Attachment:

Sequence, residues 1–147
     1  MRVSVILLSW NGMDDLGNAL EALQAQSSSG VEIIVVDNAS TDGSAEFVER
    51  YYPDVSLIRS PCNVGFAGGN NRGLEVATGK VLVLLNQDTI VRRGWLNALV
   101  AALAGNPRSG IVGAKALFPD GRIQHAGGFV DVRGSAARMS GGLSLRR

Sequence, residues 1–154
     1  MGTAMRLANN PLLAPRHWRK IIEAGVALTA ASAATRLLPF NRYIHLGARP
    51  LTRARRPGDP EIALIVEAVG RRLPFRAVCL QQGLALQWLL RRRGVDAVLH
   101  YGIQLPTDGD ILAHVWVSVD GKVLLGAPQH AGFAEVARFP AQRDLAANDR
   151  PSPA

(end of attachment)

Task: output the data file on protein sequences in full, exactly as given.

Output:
Sequence, residues 1–147
     1  MRVSVILLSW NGMDDLGNAL EALQAQSSSG VEIIVVDNAS TDGSAEFVER
    51  YYPDVSLIRS PCNVGFAGGN NRGLEVATGK VLVLLNQDTI VRRGWLNALV
   101  AALAGNPRSG IVGAKALFPD GRIQHAGGFV DVRGSAARMS GGLSLRR

Sequence, residues 1–154
     1  MGTAMRLANN PLLAPRHWRK IIEAGVALTA ASAATRLLPF NRYIHLGARP
    51  LTRARRPGDP EIALIVEAVG RRLPFRAVCL QQGLALQWLL RRRGVDAVLH
   101  YGIQLPTDGD ILAHVWVSVD GKVLLGAPQH AGFAEVARFP AQRDLAANDR
   151  PSPA